Washington Prime Group, the Columbus-based owner of Polaris Fashion Place and 102 other shopping centers, has filed for bankruptcy.
Washington Prime filed Chapter 11 late Sunday, after struggling for more than a year with a pandemic that crushed mall revenue and traffic.
“The COVID-19 pandemic has created significant challenges for many companies, including Washington Prime Group, making a Chapter 11 filing necessary to reduce the company’s outstanding indebtedness,” the company said in a news release.
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Washington Prime said it has reached agreements with creditors who hold 73% of the company’s secured debt. The company said restructuring its debt would allow it to “strengthen its business and operations going forward.”
Washington Prime noted that it had received $100 million in financing from its creditors to support daily operations at its centers, which are concentrated in the Midwest, East Coast and Florida.
“Washington Prime Group’s guests, retailers and business partners can expect business as usual at all of the company’s retail town centers throughout the proceedings,” the company said.
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Washington Prime Group also owns Indian Mound Mall and the Mall at Fairfield Commons
In addition to Polaris Fashion Place, the company owns eight Ohio centers: Indian Mound Mall in Heath; the Mall at Fairfield Commons in Beavercreek; Dayton Mall; New Towne Mall in New Philadelphia; Lima Mall and Lima Center; Great Lakes Mall in Mentor; and Southern Park Mall in Youngstown.
“The company’s financial restructuring will enable WPG to right size its balance sheet and position the company for success going forward,” said Washington Prime CEO Lou Conforti in a news release.
“During the financial restructuring, we will continue to work toward maximizing the value of our assets and our operating infrastructure. The company expects operations to continue in the ordinary course for the benefit of our guests, tenants, vendors, stakeholders and colleagues.”
In its bankruptcy filing in Texas, Washington Prime listed assets of $4.03 billion and debts of $3.47 billion.
The company said its restructuring agreement with its creditors, led by its largest, SVPGlobal, allows it to deleverage its balance sheet by $950 million. In addition, Washington Prime Group and SVPGlobal anticipate an equity offering of $325 million as part of the restructuring.
Bankruptcy may be the best step forward for Washington Prime, especially since it has already reached agreements with most of its creditors, said Shelley E. Kohan, a professor of retail at Syracuse University’s Whitman School of Management.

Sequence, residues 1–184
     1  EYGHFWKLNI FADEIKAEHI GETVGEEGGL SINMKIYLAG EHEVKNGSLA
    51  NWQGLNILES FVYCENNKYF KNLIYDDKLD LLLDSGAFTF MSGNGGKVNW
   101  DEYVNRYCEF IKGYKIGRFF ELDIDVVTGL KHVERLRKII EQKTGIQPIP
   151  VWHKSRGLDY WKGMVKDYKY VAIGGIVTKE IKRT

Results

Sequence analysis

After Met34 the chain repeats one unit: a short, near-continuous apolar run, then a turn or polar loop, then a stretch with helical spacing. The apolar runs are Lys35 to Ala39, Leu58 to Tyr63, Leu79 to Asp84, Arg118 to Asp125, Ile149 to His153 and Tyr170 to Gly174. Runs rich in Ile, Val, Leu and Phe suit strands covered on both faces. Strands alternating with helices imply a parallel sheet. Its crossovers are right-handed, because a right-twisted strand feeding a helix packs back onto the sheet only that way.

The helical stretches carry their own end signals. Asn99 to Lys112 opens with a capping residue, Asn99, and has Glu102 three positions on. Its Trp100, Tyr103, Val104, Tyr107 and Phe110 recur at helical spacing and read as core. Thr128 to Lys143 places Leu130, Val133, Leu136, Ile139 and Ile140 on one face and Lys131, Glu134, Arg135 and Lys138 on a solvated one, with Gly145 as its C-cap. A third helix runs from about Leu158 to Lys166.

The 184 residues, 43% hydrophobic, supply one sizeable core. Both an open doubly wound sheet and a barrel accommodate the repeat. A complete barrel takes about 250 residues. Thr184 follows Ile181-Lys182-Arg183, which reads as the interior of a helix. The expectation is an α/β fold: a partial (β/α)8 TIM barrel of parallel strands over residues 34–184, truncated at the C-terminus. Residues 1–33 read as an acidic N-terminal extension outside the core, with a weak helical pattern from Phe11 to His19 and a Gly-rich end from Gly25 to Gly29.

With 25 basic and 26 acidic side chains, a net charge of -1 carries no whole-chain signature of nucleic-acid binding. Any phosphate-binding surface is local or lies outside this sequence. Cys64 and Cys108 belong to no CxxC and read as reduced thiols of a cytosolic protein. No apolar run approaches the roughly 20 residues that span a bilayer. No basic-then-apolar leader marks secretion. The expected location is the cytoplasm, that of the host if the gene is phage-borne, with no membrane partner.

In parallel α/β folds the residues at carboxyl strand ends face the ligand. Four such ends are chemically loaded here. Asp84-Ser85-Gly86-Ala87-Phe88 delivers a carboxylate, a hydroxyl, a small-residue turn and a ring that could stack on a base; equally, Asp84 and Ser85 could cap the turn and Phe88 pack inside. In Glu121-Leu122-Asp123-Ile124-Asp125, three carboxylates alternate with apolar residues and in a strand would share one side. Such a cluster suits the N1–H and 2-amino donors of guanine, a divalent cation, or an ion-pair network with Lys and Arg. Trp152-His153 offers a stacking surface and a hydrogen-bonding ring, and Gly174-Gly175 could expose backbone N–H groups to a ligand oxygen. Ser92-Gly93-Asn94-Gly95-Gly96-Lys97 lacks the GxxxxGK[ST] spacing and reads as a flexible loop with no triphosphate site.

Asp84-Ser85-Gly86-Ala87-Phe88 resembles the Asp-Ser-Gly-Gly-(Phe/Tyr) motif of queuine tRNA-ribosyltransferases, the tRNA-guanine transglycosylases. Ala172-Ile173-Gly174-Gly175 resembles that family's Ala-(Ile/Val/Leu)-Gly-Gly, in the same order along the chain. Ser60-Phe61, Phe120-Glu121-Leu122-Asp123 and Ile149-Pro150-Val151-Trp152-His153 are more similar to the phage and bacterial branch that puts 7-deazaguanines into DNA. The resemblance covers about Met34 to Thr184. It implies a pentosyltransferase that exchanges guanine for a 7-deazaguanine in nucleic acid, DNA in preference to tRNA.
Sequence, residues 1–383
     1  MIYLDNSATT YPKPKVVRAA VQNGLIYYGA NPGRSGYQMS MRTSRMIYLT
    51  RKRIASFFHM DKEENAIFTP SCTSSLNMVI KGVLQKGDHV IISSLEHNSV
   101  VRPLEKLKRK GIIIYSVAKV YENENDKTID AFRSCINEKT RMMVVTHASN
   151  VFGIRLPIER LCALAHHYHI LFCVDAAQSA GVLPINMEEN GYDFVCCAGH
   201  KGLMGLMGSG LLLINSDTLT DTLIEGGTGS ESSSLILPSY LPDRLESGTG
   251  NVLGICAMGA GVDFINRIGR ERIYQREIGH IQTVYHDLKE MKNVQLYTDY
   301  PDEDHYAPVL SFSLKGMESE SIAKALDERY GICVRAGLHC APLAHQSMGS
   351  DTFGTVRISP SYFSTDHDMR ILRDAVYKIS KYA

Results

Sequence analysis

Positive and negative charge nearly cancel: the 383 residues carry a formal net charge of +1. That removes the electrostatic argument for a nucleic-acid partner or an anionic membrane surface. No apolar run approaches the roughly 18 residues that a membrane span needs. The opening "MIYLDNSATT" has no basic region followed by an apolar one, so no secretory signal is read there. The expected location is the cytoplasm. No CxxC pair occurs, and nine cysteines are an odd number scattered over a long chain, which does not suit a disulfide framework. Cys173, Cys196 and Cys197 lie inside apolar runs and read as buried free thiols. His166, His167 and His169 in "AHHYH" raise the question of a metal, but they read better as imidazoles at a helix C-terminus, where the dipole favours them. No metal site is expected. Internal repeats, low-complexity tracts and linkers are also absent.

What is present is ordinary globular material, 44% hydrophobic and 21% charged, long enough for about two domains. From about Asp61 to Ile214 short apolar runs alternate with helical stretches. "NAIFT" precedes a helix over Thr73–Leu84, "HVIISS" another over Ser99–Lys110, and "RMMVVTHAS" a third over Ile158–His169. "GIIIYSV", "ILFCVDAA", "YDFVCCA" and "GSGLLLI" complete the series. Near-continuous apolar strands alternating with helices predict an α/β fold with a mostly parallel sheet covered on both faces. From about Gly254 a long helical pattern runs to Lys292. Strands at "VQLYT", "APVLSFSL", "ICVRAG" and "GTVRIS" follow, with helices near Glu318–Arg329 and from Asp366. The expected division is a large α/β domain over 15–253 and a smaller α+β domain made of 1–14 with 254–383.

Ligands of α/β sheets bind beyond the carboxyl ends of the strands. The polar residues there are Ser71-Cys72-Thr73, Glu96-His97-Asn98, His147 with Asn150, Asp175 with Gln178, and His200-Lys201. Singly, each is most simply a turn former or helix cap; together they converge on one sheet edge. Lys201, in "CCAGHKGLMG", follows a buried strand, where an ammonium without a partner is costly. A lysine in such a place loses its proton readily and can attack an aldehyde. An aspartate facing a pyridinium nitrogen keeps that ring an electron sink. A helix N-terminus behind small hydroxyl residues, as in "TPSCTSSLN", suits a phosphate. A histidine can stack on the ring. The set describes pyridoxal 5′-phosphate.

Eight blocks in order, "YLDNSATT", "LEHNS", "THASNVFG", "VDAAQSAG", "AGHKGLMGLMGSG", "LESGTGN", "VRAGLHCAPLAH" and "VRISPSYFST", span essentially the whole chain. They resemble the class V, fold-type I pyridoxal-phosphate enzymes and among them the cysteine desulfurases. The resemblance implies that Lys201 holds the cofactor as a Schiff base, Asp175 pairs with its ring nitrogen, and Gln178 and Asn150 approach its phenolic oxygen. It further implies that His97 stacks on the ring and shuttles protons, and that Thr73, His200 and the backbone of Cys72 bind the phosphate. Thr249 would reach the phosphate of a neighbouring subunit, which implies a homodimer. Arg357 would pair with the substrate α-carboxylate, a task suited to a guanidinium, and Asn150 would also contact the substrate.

“Keep in mind that bankruptcies allow businesses the opportunity to restructure for long-term success, so while it’s not great, it may be the best way for the business to move forward,” she said.
Pandemic hurt as shoppers turned to online purchases
Like other mall operators, Washington Prime saw its revenue hammered last year by tenants who were unable to pay full rent or simply closed during the pandemic, as shoppers turned to online instead of in-person purchases. Dozens of retailers filed for Chapter 11 in 2020, many of them mall standards such as Brooks Brothers, J. Crew, Pier 1, Aldo and GNC.
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Washington Prime’s rent revenue fell from $633.6 million in 2019 to $506.7 million in 2020, according to company filings.
Malls’ dominant tenants – apparel and accessories stores – in particular suffered in the pandemic because people had little need for new clothes.
“Apparel and accessory sales were down 27% last year,” Kohan said. “Many retailers had no choice but to go to landlords and renegotiate payments, and landlords had little choice but to accept those.”
Washington Prime joins a growing list of shopping center owners to struggle during the pandemic. In November, two companies, CBL Properties and PREIT, which together own 130 shopping centers, filed for Chapter 11. The same month, Simon Property Group indicated that it would allow two malls, including the Mall at Tuttle Crossing in Dublin, to fall into bankruptcy.
Problems started before COVID-19
While COVID was brutal to the industry, the problems with indoor malls started long before the pandemic, as shoppers turned online and to outdoor “lifestyle centers” such as Easton Town Center.
The research firm Coresight Research, which tracks the retail industry, estimated in a report last summer that as many as 25% of the approximately 1,000 malls in the U.S. could close within three to five years.
“I do think we’ll see a large percentage of malls closing or reinventing themselves,” Kohan said. “The U.S. is overstored and oversaturated with retail.”
Shopping centers have responded to declines in sales and traffic by trying to diversify their tenant mix, adding activities beyond shopping. Washington Prime, for example, recently opened FieldhouseUSA sports complex on the site of the former Sears store at Polaris Fashion Place.
“Millennials and Gen Zs don’t enjoy shopping in malls; they’ve become this flat experience,” Kohan said. “Diversifying the tenant mix, adding the experience factor in there and giving people things to do other than shopping and eating is important.”
Washington Prime’s challenges are complicated by a diverse portfolio of properties that includes top-tier properties such as Polaris, along with dozens of older properties in smaller markets.
“We’ve seen declines in traffic in B and C malls for years,” Kohan said, while reiterating that bankruptcy could be a positive for Washington Prime.
“I think it’s very prudent of them,” she said. “It might include losing some physical spaces but in the long term, this might be a good thing.”